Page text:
"Oh, come on!" my wife cried in exasperation. "Can't these people drive?!" She was sitting at the helm of an 18-wheeler DAF truck carrying a load of construction gear from Zurich to Munich, trying to find the right moment to drive into busy intersection while morning commuters kept driving in, not slowing down to let her enter.I was in my usual spot, the passenger seat, taking notes and occasionally honking the truck's massive air horn to no noticeable effect. Finally, my wife decided to take matters into her own hands, simply driving into the intersection and giving a few commuters a good scare.
Nobody was hurt, because this all happened in a computer game.
That's the power of a good simulator: the responsibility you're given feels real, but not too scary. And just like real life, simulators are very diverse: Whether you enjoy being a mayor, a space combat pilot, a truck driver, or a civilian pilot, you can find at least one simulator in which to live out your fantasy.
In this decidedly niche title, you find yourself in the driver's seat of a full-trailer truck, hauling freight across Europe. Vehicle interiors are painstakingly rendered, and countryside views are breathtaking. The climate and time of day change, so you could find yourself enjoying a balmy spring day in one ride, and trying to navigate under torrential rain in the middle of the night in the next.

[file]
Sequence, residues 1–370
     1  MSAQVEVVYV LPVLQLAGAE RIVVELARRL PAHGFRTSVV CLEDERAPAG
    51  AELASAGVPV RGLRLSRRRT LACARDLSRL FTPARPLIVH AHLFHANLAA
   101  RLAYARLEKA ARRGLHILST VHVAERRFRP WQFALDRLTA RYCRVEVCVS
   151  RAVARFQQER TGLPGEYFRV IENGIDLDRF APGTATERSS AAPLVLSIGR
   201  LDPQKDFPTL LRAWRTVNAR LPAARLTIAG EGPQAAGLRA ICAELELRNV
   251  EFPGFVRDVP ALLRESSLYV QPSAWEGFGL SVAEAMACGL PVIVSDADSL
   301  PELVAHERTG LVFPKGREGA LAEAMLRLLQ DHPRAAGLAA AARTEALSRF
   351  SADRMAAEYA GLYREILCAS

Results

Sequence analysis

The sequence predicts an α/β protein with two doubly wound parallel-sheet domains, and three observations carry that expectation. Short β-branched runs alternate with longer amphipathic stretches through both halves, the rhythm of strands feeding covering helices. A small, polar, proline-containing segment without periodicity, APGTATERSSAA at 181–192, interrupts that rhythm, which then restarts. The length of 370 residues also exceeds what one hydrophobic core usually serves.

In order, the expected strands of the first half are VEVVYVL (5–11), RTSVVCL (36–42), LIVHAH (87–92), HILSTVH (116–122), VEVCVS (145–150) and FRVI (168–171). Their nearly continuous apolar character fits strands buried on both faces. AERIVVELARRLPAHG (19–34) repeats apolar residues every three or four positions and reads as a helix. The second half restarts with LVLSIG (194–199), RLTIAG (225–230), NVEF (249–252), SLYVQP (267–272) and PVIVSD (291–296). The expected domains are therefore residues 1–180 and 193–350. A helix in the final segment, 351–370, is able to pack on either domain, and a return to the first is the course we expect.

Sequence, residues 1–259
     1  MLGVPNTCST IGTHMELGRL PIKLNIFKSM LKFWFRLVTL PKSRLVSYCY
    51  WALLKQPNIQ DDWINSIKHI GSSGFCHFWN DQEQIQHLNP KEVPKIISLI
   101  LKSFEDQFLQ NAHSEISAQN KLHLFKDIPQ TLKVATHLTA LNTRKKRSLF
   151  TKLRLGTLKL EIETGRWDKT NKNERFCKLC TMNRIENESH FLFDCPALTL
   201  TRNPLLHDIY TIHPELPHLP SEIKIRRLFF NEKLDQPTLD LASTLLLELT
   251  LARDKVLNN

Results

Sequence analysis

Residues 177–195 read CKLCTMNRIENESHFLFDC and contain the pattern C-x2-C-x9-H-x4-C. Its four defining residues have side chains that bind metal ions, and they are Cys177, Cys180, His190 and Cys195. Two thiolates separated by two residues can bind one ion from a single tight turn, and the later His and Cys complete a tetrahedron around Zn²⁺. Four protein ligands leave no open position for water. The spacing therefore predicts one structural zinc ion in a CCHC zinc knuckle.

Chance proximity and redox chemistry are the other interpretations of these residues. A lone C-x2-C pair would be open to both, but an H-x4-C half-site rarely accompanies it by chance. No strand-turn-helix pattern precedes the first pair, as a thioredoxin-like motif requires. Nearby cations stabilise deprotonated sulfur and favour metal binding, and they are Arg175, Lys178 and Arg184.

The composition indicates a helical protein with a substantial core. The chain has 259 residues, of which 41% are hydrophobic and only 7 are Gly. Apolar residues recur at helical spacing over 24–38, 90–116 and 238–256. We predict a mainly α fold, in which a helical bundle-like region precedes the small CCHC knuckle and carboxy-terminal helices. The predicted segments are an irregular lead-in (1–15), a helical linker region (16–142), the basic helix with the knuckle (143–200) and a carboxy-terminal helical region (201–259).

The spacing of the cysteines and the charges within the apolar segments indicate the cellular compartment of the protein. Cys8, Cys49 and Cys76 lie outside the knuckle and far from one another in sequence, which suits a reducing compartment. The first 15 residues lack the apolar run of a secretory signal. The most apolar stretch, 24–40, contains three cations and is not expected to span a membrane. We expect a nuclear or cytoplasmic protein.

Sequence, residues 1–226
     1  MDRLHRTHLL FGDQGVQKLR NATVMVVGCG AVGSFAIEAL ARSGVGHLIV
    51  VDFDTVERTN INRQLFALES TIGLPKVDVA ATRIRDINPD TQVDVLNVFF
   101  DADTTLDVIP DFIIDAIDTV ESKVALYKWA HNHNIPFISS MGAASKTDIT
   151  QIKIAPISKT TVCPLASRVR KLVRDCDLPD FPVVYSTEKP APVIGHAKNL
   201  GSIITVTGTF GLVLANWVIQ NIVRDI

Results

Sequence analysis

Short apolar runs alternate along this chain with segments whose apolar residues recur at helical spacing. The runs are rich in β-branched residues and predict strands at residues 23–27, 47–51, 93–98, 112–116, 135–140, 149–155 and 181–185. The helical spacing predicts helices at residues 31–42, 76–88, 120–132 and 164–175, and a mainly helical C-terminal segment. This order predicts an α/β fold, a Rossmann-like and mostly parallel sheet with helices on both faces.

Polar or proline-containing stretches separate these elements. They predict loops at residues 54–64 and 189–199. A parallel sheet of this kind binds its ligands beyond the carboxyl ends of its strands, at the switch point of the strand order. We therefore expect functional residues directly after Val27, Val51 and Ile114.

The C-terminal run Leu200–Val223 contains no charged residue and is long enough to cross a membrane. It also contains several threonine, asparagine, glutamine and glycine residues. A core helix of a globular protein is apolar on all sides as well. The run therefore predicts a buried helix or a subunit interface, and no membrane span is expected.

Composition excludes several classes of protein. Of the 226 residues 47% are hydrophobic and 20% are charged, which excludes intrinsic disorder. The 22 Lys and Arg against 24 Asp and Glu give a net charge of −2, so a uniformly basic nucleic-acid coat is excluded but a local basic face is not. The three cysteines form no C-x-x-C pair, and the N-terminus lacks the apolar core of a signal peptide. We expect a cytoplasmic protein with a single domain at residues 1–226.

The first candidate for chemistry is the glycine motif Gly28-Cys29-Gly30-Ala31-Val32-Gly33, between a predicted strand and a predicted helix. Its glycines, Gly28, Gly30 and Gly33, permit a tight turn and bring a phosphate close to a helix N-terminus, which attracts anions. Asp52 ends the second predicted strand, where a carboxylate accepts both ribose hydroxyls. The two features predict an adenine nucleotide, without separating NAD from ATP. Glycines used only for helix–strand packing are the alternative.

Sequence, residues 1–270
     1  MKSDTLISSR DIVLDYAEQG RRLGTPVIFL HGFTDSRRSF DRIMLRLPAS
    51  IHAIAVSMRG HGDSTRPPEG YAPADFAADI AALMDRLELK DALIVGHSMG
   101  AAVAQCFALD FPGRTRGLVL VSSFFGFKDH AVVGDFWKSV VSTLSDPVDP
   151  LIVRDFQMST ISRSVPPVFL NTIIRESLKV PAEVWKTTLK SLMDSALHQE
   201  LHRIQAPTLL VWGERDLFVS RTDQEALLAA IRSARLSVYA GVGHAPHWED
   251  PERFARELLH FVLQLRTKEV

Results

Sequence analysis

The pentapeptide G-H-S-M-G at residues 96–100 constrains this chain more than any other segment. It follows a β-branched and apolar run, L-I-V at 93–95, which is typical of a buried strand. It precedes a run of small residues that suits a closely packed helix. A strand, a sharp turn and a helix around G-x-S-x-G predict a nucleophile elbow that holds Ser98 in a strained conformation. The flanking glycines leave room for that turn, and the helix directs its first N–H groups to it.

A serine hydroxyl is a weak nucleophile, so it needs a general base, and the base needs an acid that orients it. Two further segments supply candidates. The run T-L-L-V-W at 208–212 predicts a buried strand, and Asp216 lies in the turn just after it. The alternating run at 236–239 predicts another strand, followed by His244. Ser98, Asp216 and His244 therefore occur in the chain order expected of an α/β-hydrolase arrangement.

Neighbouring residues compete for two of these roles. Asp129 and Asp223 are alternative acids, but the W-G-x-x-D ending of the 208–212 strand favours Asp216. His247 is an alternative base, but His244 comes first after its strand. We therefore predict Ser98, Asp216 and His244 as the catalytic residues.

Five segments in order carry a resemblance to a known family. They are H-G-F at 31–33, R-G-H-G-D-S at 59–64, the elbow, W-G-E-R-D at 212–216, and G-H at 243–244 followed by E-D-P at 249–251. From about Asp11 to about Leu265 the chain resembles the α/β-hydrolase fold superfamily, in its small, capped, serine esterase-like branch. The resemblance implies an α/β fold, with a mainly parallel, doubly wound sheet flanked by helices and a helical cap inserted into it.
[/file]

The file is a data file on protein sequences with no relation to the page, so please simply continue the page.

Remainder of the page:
I never thought a truck-driving simulator could be fun, but Euro Truck Simulator 2 ($40) proved me wrong. There is something soothing in watching the world go by from the high and mighty cockpit of a Volvo FH16 Globetrotter XL.
If you're used to more traditional racing games, getting used to the way trucks handle in the game may take some time. They really do feel like trucks: Slow to accelerate, jarringly fast to brake thanks to air brakes, ungainly to maneuver, and immensely powerful.
You start the game as a freelance driver for hire, taking on trucking jobs across the continent. From one job to the next, you gain experience, unlock abilities, and set aside a nice nest egg you can eventually use to buy a truck of your own and start a trucking company.
Euro truck simulator lets you customize the controls and decide just how much of the driving you want the game to do, and how much you want to handle on your own. Manually switching gears on a truck hauling 20 tons of ore while navigating through a massive open pit mine is no mean feat--which is why it's nice to have the game take care of that detail for you, at least as you're getting started.
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